These ideas reflect a traditional view of teaching in which the responsibility for learning is placed on the student. In contemporary British pedagogy particularly, the onus lies on the teacher to create the appropriate dynamic for effective learning by students of all abilities, backgrounds and inclinations. The teacher is more than a repository of knowledge: effective teaching draws on a range of skills, insights and techniques which afford access to knowledge as well as to the development of appropriate skills. Students may not 'get it' because their social backgrounds exclude them from curricula which presuppose certain cultural and social values. It is the job of teachers to understand and identify barriers to learning, to remove those barriers and to bring the best out of those they educate.
Schooling occurs when society or a group or an individual sets up a curriculum to educate people, usually the young. Schooling can become systematic and thorough. Sometimes education systems can be used to promote doctrines or ideals as well as knowledge, and this can sometimes lead to abuse of the system.
Life-long or adult education have become widespread in many countries. However, education is still seen by many as something aimed at children, and adult education is often branded as adult learning or lifelong learning.
Adult education takes on many forms, from formal class-based learning to self-directed learning. Lending libraries provide inexpensive informal access to books and other self-instructional materials. Many adults have also taken advantage of the rise in computer ownership and internet access to further their informal education.
Alternative education, also known as non-traditional education or educational alternative, describes a number of approaches to teaching and learning other than traditional publicly- or privately-run schools. These approaches can be applied to all students of all ages, from infancy to adulthood, and at all levels of education.
Educational alternatives are often the result of education reform and are rooted in various philosophies that are fundamentally different from those of mainstream compulsory education. While some have strong political, scholarly, or philosophical orientations, others are more informal associations of teachers and students who are somehow dissatisfied with certain aspects of mainstream education.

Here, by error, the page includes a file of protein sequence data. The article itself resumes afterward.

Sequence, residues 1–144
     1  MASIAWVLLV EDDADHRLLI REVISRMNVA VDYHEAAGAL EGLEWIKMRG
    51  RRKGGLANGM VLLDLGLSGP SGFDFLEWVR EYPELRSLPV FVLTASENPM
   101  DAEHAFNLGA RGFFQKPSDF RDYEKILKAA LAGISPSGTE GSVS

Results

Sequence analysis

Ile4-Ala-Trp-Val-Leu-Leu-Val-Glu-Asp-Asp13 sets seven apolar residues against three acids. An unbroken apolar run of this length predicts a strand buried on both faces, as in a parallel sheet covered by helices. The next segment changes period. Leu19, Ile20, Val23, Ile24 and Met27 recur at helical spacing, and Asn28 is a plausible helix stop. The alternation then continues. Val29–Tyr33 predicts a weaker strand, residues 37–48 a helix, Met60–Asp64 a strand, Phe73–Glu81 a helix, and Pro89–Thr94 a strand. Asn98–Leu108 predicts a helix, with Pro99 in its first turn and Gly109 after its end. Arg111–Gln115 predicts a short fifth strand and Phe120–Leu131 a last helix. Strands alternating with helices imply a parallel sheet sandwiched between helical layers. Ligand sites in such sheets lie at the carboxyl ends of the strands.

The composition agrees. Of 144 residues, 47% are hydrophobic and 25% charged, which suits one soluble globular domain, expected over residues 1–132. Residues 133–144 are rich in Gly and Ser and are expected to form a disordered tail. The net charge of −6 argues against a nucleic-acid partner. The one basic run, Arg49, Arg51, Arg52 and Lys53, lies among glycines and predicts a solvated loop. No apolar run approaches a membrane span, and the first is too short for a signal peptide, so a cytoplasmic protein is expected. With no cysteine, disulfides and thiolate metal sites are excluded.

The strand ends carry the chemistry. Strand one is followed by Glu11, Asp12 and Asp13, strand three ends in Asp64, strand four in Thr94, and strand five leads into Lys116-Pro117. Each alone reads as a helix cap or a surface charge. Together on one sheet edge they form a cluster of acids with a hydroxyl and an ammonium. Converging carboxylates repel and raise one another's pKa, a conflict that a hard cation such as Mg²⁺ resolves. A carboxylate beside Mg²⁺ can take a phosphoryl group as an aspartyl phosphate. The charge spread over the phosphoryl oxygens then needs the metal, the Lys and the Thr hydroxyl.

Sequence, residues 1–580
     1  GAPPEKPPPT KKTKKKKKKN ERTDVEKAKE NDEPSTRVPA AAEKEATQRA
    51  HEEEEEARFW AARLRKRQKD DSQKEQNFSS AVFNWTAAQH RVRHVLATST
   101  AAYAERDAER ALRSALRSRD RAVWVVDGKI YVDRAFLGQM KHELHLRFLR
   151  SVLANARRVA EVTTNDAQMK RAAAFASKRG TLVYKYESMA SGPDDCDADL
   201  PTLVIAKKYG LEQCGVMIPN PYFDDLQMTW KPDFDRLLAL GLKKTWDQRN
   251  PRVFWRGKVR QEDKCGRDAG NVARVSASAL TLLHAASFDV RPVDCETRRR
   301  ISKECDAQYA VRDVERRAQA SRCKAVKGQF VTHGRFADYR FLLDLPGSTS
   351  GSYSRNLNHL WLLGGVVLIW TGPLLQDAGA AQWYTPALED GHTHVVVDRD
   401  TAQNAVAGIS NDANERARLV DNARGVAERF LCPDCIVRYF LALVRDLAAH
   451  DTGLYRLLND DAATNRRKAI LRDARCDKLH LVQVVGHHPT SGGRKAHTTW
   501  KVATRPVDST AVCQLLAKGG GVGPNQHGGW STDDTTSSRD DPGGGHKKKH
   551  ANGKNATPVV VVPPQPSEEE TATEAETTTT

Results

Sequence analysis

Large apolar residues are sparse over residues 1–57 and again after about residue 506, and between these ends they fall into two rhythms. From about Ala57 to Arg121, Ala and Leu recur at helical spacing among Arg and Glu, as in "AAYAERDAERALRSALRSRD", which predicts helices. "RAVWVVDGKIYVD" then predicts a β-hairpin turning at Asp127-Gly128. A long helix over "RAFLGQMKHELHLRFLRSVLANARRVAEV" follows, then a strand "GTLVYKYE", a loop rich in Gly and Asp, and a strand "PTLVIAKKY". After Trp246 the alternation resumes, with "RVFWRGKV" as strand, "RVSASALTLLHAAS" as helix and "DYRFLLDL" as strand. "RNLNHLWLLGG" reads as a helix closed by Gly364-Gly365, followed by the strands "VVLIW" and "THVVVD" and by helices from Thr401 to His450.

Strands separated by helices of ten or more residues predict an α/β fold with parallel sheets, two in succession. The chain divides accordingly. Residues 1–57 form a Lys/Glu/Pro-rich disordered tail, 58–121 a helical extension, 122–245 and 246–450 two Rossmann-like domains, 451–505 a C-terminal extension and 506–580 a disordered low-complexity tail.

Educational alternatives, which include charter schools, alternative schools, independent schools, and home schooling vary widely, but often emphasize the value of small class size, close relationships between students and teachers, and a sense of community. For some, especially in the United States, the term alternative refers to educational settings geared towards students whose needs cannot be met in the traditional school, such as underachievers who do not qualify for special education, rather than to educational alternatives for all students.
Inexpensive technology is an increasingly influential factor in education. Computers and mobile phones are being widely used in developed countries to both complement established education practices and develop new ways of learning such as online education (a type of distance education). This gives students the opportunity to choose what they are interested in learning. The proliferation of computers also means the increase of programming and blogging. Technology offers powerful learning tools that demand new skills and understandings of students, including Multimedia literacy, and provides new ways to engage students, such as classroom management software. Technology is being used more not only in administrative duties in education but also in the instruction of students. The use of technologies such as PowerPoint and interactive whiteboard is capturing the attention of students in the classroom. Technology is also being used in the assessment of students. One example is the Audience Response System (ARS), which allows immediate feedback tests and classroom discussions.